It’s a common misconception among publishers that you can’t use multiple ad networks at once. Not only is it not true, we actually encourage it! Integrating with multiple ad networks allows you to leverage their collective scale and demand partners, driving up the competition for inventory and increasing your overall CPM and earnings. One thing to keep in mind when working with multiple ad partners is what metric they’re using for payment.
One of the most commonly used exchanges, Google AdSense, chooses to measure revenue with the metric RPM (revenue-per-mille) as opposed to the more widely used CPM (cost-per-mille). Since Google can still provide CPM it may not seem like a big deal but since these two metrics are measuring different values, it can lead to some confusion when measuring performance. Hopefully this post will help you understand the difference between the two and why CPM is used by most ad partners.
What is RPM?
RPM is the page revenue per thousand impressions and is calculated by dividing your estimated earnings by the number of pageviews you received, then multiplying by 1000.RPM isn’t the only metric that Adsense tracks but it is their primary way of measuring revenue. It is your revenue for every 1000 (mille) impressions on the page.. However, they use a selective definition of the word “impression”. RPM calculates the collective CPMs for all ad zones on a publisher’s page, while CPM refers to the cost an advertiser is willing to pay for a singular ad zone.
For example a website has 4 ad spaces and Google estimates that you will make $0.15 from 20 pageviews. This estimation has to come from Google since they work on a CPC (cost-per-click) model but we will go more into detail later. All you have to do to calculate RPM is divide the estimated earnings they give you over pageviews and then multiply that quotient by 1000. In this example you would get an RPM of $7.50 meaning for every 1000 pageviews, those 4 ad units collectively earn around $7.50.
How does RPM differ from CPM?
A publisher’s RPM will always be greater than their CPM, since RPM refers to the total revenue earned for every 1000 impressions, and the CPM refers to the cost an advertiser is willing to pay for every 1000 impressions in one ad zone, not the entire page. CPM is the price that advertisers are willing to pay for 1000 impressions in one ad zone.. Since CPM measures how much each ad zone’s impressions are worth,, it is an exact representation of how much money is going into your site as opposed to RPM, which is how much money you might be making based on an average.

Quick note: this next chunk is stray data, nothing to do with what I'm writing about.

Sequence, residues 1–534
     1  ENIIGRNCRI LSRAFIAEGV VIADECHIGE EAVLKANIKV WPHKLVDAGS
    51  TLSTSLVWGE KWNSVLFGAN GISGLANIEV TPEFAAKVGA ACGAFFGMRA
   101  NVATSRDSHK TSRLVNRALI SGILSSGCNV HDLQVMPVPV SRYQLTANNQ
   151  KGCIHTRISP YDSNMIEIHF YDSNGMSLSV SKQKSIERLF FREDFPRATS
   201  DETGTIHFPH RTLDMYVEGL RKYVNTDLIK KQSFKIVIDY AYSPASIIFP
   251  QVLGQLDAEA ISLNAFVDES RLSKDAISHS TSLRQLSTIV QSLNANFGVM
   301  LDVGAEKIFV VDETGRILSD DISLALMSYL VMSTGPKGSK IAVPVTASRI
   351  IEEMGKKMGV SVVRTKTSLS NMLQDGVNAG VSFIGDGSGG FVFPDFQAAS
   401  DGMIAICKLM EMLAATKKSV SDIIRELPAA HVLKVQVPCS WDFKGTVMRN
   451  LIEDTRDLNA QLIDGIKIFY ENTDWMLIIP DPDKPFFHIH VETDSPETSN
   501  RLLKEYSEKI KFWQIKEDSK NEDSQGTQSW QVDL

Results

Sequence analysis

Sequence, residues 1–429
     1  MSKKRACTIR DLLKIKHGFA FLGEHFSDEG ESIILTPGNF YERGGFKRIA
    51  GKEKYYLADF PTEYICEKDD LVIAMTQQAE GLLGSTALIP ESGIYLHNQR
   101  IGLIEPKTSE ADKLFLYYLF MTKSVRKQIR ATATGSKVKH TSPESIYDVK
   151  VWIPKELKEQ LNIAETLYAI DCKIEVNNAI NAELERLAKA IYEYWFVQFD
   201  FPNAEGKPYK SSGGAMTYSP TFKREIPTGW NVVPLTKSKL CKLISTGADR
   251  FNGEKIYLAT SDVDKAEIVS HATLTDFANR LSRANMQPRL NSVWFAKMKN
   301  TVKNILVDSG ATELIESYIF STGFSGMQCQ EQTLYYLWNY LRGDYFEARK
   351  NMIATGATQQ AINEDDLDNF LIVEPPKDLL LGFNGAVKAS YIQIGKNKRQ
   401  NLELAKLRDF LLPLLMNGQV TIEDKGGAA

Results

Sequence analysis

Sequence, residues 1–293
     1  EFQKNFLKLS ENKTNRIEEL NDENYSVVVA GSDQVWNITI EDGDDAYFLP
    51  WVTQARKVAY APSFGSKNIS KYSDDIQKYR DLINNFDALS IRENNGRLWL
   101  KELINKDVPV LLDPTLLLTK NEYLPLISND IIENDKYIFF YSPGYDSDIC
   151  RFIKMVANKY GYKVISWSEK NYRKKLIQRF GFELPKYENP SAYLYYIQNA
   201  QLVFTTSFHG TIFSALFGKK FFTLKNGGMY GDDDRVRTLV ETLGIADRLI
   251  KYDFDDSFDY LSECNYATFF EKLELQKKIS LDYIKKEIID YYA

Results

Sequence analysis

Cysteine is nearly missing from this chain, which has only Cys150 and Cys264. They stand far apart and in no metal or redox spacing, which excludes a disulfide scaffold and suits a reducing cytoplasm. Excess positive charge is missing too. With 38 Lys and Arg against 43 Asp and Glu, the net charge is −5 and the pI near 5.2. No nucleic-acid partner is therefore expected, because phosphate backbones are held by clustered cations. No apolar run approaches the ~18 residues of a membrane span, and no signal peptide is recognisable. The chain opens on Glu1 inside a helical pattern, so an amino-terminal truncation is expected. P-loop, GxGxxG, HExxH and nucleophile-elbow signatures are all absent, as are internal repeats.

Let’s go back to the publisher we used in the example above. Google said their estimated earnings would be $0.15 per 20 page views but that is combining the revenue of all 4 ad spaces in each of those views. One pageview would mean 4 impressions when calculating CPM. This turns that $0.15 into $0.0375 for every 20 impressions. When you plug this into the CPM equation you end up with a CPM of $1.875.
If this publisher only knew that RPM and CPM were measurements of revenue, then they would think AdSense is blowing every other ad partner out of the water. Along with being misleading, RPM is less representative of your advertising efforts. Google works on a CPC (cost per click) or CPA (cost per action) which means that you get paid when someone interacts with an ad as opposed to just being shown it. Advertisers pay more for when there is interaction but it is far less consistent than paying per ad impression.
How to derive CPM from RPM
We can’t force Google to change their ways so the next best thing is teaching you how to calculate RPM into CPM. Let’s convert the example’s RPM of $7.50 into a more usable CPM. To do this we need to find cost to advertisers.
Cost to advertisers = (Estimated Earnings/Ad units)
Since there are 4 ad units on this site you can calculate cost to advertisers by dividing estimated earnings by 4.
CTA = ($0.15/4) = $0.0375
CPM = ($0.0375/20) x 1000 = $1.875
Need some help?
sovrn chooses to use CPM as our definitive revenue metric when dealing with publishers. If you’d like to learn more about our programmatic offerings, or if you’d just like to get some advice on how best you can optimize your current advertising strategy, sign up for a Sovrn account and gain access to our new meridian platform. We’ll put you in touch with the right team to help you achieve your goals.